Zachary Christensen is a managing director of Reason Foundation's Pension Integrity Project.
Christensen’s work with Reason's Pension Integrity Project aims to promote solvent, sustainable retirement systems that provide retirement security for government workers while reducing long term costs for taxpayers and employees. Zachary and his team provides education, reform policy options, and actuarial analysis for policymakers and stakeholders to help them design reform proposals that are practical and viable.
The Pension Integrity Project has provided technical assistance to several successful pension reform efforts in recent years, including in Michigan, Colorado, Arizona, South Carolina, Texas and other states tackling persistent pension solvency challenges.
Christensen's work has been published in the Los Angeles Daily News, Orange County Register, NJ.com, Colorado Politics, and many other publications. He has also been featured in the Carolina Journal and the Michigan Capitol Confidential. His research has been published by the Hoover Institution, The Platte Institute, Texas Public Policy Foundation, and Rio Grande Foundation.
Prior to joining Reason Foundation, Christensen was a pension finance analyst at Stanford University’s Hoover Institution, where he worked on widely-cited research on the funding status and accounting methods for public sector retirement systems.
Christensen holds an M.S. in Public Policy from Pepperdine University and a B.S. in Political Science from Brigham Young University.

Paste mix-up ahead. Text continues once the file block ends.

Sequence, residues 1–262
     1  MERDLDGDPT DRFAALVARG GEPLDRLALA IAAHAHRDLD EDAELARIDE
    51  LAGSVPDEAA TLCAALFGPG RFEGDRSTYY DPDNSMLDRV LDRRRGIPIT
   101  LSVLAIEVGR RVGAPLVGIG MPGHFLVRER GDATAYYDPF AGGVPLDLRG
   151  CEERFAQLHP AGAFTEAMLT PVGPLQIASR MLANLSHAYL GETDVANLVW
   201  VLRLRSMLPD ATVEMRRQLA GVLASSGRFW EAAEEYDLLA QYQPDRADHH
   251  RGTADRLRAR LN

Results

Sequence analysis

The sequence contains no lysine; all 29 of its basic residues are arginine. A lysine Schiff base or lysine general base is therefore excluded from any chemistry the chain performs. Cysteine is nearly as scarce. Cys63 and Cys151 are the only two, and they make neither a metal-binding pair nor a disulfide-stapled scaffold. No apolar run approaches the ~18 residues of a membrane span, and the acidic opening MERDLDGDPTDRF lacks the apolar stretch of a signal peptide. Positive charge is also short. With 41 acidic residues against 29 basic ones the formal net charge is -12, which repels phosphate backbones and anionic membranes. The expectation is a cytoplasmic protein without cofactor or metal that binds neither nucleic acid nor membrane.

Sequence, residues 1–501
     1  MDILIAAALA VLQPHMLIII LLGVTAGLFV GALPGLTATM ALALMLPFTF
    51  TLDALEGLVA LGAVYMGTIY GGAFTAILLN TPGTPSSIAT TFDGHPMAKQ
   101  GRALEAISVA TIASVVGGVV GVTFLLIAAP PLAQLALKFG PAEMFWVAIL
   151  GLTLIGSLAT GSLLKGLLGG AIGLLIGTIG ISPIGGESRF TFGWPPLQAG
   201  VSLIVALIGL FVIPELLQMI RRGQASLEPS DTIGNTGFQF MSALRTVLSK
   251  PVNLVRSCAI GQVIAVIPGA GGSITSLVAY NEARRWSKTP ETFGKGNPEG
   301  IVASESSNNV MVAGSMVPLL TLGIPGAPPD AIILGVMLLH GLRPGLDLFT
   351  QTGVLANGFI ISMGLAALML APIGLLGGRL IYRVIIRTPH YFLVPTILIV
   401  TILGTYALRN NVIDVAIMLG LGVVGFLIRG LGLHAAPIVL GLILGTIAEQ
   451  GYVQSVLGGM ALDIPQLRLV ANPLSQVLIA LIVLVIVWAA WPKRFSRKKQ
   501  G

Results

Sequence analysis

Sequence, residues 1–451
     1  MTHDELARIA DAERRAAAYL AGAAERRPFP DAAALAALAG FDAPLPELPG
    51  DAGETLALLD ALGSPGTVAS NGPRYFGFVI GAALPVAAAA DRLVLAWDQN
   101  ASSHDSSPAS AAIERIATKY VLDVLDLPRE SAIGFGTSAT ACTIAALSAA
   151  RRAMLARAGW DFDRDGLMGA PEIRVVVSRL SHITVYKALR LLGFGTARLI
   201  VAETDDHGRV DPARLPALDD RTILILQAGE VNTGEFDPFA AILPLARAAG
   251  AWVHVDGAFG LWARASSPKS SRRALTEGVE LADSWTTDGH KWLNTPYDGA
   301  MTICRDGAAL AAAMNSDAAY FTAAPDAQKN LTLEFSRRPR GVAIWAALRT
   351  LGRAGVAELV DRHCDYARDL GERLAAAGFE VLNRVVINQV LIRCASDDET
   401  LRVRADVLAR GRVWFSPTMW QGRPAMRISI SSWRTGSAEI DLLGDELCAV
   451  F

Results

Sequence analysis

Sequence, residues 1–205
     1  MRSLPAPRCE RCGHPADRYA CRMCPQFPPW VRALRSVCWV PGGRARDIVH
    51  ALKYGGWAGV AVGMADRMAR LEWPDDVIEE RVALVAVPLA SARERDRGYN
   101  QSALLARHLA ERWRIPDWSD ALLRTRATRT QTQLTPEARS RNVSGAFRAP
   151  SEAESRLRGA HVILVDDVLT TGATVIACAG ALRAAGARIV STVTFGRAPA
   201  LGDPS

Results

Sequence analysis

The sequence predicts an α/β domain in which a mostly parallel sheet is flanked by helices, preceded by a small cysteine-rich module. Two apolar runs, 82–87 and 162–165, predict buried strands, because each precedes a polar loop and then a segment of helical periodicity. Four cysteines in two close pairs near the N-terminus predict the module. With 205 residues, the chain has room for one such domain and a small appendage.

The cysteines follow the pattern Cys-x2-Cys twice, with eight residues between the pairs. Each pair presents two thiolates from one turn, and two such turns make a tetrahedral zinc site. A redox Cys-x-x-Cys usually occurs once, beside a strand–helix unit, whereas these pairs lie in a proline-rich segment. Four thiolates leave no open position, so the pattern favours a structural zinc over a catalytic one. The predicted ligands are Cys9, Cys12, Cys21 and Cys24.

Instead of unraveling pension progress, policymakers should seek to bolster the policies that brought resiliency and reliability.
Pension Reform News: Hybrid pension proposal falls short in Louisiana, shortcomings of ESG scores, and more
Plus: Texas needs to reform teacher pensions, past pension missteps should be a warning to California, and more.
A “catch-up” payment toward the New Hampshire Retirement System's unfunded liabilities would reduce pension debt and yield long-term cost savings.
Pension Reform Newsletter: Bill endangers Alaska’s reforms, Louisiana bills would weaken retirement system, and more
Plus: Why public pension funds should not be guided by politics, Kansas considers a defined contribution plan, and more.
The Great Resignation highlights the need for public pension plans to adapt to today’s mobile workforce
Governments should consider modernizing their retirement plans and options for workers who don’t intend to stay in one position or with one employer for multiple decades.
Plus: Report identifies 2022 challenges for pension funds, pension plans aren't helping with teacher employment, deferred retirement options expose public pensions to unique risks, and more.
The proposed Thrift Savings retirement plan in Senate Bill 553 reflects a high-quality public sector retirement plan design that incorporates best practices from national experience.
Government employers should ensure their contributions to employees' defined contribution retirement plan are in line with industry best practices.
House Bill 55 would commit Alaska to unpredictable long-term costs for public safety workers' pensions so it is crucial to consider the costs over decades, not just a few years.